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      Caught in the act: Intermediates in the biosynthesis of lasalocid A are captured in vivo by malonyl carba(dethia)-N-acetyl cysteamine probes. These species constitute novel snapshots of the timing of ether and aromatic ring formation, thus providing valuable insights for the reconstruction and the engineering of polyether biosynthetic pathways.

    3. DNA Switch

      A Responsive Hidden Toehold To Enable Controllable DNA Strand Displacement Reactions (pages 11934–11936)

      Yongzheng Xing, Prof. Dr. Zhongqiang Yang and Prof. Dr. Dongsheng Liu

      Version of Record online: 19 OCT 2011 | DOI: 10.1002/anie.201105923

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      In the loop: A hidden toehold in a metastable DNA bulge-loop structure allows regulation of DNA strand displacement reactions by the addition of ATP, which can bind to an aptamer located partly on the loop sequence (see picture, blue and green in A), thereby exposing the hidden toehold (green and red in Q). By introducing other aptamer sequences, this regulation mechanism could be easily extended to a variety of other ligands.

    4. Photosensitizers

      Designing Excited States: Theory-Guided Access to Efficient Photosensitizers for Photodynamic Action (pages 11937–11941)

      Yusuf Cakmak, Safacan Kolemen, Selin Duman, Dr. Yavuz Dede, Yusuf Dolen, Bilal Kilic, Ziya Kostereli, Prof. Dr. Leyla Tatar Yildirim, Prof. Dr. A. Lale Dogan, Prof. Dr. Dicle Guc and Prof. Dr. Engin U. Akkaya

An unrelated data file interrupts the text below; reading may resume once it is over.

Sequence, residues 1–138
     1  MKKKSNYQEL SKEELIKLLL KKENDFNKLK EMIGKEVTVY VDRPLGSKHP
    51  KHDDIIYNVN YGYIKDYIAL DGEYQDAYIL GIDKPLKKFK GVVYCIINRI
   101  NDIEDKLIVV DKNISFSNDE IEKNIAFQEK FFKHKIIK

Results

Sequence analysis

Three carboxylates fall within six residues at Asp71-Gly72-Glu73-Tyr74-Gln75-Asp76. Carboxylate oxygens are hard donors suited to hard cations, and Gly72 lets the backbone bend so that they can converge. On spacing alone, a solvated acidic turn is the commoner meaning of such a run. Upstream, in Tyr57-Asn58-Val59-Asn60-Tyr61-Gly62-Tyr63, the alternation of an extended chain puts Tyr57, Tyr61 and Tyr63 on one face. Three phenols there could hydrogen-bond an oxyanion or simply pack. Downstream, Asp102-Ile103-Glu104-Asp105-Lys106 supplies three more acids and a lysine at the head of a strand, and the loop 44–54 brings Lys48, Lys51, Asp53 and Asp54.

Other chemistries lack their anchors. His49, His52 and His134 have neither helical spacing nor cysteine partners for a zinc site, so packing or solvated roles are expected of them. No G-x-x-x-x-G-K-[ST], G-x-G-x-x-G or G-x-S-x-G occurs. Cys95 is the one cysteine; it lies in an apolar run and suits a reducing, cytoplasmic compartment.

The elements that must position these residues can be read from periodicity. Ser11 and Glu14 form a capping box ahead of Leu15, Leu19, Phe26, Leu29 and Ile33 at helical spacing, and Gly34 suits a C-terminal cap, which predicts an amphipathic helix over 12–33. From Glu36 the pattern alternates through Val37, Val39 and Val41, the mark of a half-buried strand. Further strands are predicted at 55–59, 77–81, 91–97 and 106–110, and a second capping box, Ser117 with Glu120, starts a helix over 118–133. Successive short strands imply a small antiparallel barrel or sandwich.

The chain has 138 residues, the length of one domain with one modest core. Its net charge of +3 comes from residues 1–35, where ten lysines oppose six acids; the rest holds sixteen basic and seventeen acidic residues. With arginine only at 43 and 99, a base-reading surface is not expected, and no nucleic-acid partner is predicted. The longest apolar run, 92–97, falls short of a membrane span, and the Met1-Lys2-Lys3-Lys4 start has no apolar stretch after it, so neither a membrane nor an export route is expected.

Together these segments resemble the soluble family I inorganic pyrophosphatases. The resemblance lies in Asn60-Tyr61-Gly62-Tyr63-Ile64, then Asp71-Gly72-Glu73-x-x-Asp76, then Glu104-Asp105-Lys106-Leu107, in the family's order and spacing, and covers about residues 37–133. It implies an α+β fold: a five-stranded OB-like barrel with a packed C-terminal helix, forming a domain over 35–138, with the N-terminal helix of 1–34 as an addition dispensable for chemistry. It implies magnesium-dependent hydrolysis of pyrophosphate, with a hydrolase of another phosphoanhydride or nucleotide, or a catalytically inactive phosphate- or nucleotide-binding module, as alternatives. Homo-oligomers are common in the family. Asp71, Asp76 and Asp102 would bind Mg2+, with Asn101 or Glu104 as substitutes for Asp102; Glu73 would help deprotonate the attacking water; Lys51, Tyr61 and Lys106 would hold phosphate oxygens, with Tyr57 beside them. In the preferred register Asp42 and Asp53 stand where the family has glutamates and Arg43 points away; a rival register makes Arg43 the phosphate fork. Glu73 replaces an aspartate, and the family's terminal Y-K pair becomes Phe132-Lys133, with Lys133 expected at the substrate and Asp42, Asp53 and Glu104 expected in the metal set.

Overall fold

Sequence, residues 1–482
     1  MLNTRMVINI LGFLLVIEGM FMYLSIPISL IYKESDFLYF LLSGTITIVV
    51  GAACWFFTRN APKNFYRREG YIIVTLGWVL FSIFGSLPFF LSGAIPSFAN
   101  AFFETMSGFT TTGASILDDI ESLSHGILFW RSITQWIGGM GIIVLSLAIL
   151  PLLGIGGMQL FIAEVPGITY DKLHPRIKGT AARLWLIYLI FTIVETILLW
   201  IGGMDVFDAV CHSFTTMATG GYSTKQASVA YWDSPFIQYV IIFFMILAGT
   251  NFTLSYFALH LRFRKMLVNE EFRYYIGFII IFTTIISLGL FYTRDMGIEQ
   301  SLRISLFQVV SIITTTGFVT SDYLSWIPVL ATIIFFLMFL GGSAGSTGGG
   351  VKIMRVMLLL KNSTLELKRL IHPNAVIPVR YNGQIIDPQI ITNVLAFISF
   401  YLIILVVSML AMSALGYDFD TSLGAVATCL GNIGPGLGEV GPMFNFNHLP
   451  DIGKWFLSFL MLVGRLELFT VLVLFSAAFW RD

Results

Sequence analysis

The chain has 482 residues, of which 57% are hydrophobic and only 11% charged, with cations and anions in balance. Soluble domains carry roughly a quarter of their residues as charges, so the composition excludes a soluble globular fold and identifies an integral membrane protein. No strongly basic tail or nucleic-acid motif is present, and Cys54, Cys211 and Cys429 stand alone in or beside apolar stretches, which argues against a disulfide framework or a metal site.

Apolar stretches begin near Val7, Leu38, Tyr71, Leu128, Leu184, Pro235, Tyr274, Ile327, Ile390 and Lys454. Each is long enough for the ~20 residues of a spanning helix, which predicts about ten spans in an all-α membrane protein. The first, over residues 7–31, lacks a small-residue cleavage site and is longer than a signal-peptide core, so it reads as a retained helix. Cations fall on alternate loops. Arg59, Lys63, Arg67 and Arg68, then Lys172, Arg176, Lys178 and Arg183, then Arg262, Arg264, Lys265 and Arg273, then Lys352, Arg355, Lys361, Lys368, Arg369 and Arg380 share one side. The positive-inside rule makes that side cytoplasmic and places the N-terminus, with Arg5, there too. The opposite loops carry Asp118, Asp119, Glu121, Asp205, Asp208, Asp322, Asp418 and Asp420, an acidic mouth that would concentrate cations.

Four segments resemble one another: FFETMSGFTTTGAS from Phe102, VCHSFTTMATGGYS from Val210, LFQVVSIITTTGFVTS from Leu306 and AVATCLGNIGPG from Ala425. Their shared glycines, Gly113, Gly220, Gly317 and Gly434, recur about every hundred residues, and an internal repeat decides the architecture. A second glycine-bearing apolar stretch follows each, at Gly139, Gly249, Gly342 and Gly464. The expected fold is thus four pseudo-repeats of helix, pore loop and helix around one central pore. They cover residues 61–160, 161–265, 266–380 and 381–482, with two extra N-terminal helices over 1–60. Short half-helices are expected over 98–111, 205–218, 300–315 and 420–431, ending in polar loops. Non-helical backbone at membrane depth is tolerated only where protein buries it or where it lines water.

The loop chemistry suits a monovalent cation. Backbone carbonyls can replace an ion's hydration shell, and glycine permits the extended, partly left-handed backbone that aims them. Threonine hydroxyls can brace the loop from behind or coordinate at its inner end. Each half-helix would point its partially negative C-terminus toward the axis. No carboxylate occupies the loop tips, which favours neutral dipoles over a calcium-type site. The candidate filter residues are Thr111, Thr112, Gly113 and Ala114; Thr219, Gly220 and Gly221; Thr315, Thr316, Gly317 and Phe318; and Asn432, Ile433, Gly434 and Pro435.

Version of Record online: 19 OCT 2011 | DOI: 10.1002/anie.201105736

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      The in silico design of tetraradical S1 states was validated experimentally through synthesis, followed by characterization including phosphorescence measurements, use of trap molecules, and cell culture studies, leading to a series of orthogonal dimers of Bodipy chromophores with remarkable singlet oxygen efficiencies (see picture). A new path for the rational development of efficient photosensitizers is thus revealed.

    5. Structural Biology

      Solution NMR Structure of Proteorhodopsin (pages 11942–11946)

      Sina Reckel, Daniel Gottstein, Jochen Stehle, Dr. Frank Löhr, Dr. Mirka-Kristin Verhoefen, Dr. Mitsuhiro Takeda, Robert Silvers, Prof. Dr. Masatsune Kainosho, Prof. Dr. Clemens Glaubitz, Prof. Dr. Josef Wachtveitl, Dr. Frank Bernhard, Prof. Dr. Harald Schwalbe, Prof. Dr. Peter Güntert and Prof. Dr. Volker Dötsch

      Version of Record online: 27 OCT 2011 | DOI: 10.1002/anie.201105648